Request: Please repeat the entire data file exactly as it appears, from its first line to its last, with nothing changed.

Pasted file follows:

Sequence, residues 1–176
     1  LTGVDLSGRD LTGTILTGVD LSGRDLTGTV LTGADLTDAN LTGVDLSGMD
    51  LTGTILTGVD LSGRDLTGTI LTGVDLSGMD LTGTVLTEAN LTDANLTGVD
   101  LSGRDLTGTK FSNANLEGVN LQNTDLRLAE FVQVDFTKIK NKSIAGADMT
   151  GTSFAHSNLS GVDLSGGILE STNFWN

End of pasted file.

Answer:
Sequence, residues 1–176
     1  LTGVDLSGRD LTGTILTGVD LSGRDLTGTV LTGADLTDAN LTGVDLSGMD
    51  LTGTILTGVD LSGRDLTGTI LTGVDLSGMD LTGTVLTEAN LTDANLTGVD
   101  LSGRDLTGTK FSNANLEGVN LQNTDLRLAE FVQVDFTKIK NKSIAGADMT
   151  GTSFAHSNLS GVDLSGGILE STNFWN